Strapped to the motherboard and completing the prism are another two PCBs each outfitted with a GeForce GTX 980 GPU in an MXM package with 8GB of GDDR5 memory. Note that this is the Nvidia GM204 silicon originally intended for desktop, then tweaked for laptop suitability and now returning to desktop in the Vortex. The GPU's 100W power envelope is well suited to what MSI is trying to achieve, and eagle-eyed readers may have noticed that the same SLI configuration has recently been employed by MSI's own GT80S 6QF laptop.

Each of these three primary PCBs is lined with a good-sized heatsink to help draw heat away from the underlying processor, yet unlike traditional CPU and GPU coolers there are no attached fans. Instead, and much like Apple's Mac Pro, MSI uses a single large fan in the roof of the unit designed to pull air upwards and exhaust heat out of the vents on top.

Exploring the Hardware Maze

It's a clever arrangement, but where are the other bits you need to create a complete PC? Interestingly, MSI has moved the Z170 southbridge to a fourth PCB sat behind the rear I/O ports. This board handles the bulk of I/O connectivity and also manages to squeeze in a 2.5in drive tray, which MSI fills using a 1TB Hitachi hard disk. This, in our estimation, is one of the Vortex's weaker component choices, as the noise of the mechanical drive is out of touch with the rest of the system.

There's more. An SSD is essential in any modern performance PC, and MSI has two M.2 slots attached to one of the graphics PCBs - one on the front of the board, another on the rear. Each of these carries a 128GB Samsung SM951 NVMe PCIe drive and both are paired together in high-performance RAID 0.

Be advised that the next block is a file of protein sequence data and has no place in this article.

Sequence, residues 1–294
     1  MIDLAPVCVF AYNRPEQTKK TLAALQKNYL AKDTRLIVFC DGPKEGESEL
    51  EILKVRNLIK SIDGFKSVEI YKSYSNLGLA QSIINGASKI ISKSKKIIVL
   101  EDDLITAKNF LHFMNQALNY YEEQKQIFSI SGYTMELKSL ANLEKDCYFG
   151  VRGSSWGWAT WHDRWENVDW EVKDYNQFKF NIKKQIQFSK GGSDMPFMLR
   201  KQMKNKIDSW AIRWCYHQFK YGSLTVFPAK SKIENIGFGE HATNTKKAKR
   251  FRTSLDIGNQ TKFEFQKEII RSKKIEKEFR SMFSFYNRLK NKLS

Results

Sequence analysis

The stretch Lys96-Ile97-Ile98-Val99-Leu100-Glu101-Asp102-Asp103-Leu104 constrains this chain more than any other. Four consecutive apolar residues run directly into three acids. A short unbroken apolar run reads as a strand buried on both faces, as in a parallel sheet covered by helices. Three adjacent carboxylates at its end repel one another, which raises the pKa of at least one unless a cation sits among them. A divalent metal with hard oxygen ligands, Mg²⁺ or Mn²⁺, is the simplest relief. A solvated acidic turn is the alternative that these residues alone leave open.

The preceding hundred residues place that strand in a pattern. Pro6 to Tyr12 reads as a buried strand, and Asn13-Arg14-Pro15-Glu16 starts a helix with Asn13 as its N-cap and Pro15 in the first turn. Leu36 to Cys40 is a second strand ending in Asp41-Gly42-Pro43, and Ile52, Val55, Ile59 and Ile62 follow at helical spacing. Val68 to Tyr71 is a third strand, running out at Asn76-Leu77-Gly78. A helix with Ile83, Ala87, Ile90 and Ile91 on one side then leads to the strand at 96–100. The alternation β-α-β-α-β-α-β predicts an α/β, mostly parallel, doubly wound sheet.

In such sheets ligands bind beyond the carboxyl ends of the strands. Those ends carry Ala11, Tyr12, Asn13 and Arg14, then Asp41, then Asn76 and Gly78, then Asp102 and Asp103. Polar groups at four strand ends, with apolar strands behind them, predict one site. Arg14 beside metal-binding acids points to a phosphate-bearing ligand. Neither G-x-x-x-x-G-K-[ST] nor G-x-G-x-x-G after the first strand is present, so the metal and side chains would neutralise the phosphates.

Surely they can't shoehorn anything else in there? Well, actually, yes they can. There's a Killer Wireless-AC 1535 WiFi module, and seeing as the triangular arrangement of main boards leaves a void in the middle, MSI uses that space to slot in a 450W 80 Plus Gold-rated power supply. That means no external brick, and it's tidy being able to connect the Vortex directly to the mains with a single cable.

A fascinating arrangement, however it isn't without limitations and there are some that may deter enthusiasts. Users who favour upgradability, for example, won't like the fact that opening the chassis will void the two-year warranty. Furthermore, anyone who likes to tinker may be disappointed by the basic BIOS - there's no elaborate UEFI on offer here - and if you're pedantic about squeezing maximum performance from your components, you're unlikely to be enamoured by MSI's out-the-box CPU and GPU implementation.

A Few Provisos

Presumably in an effort to contain heat and keep well within the limits of the 450W PSU, the Core i7-6700K is by default limited to 4GHz - 0.2GHz lower than Intel's standard specification. You can manually overclock the chip to 4.6GHz in 0.1GHz increments using MSI's Dragon Center software utility, but that doesn't change the fact that this is a £3,000 gaming PC that's underclocked as standard.

Given the system's unorthodox arrangement, MSI also hasn't found a way to have both GTX 980s hooked up via PCIe Gen3 x8 interfaces. When under load, one appears to be operating via PCIe Gen2 x8 2.0, and the other by PCIe Gen2 x8 1.1, so in addition to the vagaries of SLI scaling, users are going to have to accept that Vortex G65 in its current form will not have both GPUs running optimally.

There's definitely room in the market for premium, pint-sized gaming rigs, but such machines need to deliver the complete package and the Vortex G65 doesn't always live up to its £3,000 billing. Little things like unwanted bloatware pre-installed on Windows 10 detract from the package as a whole, and if you're spending this amount of money on a PC, you don't expect to be nagged to register Norton Security, nor do you want to be directed toward a particular web browser.

We're still fascinated to see how the system performs, so with all the preamble out of the way, let's get on to the benchmarks and see how fast this cylinder of intrigue really is.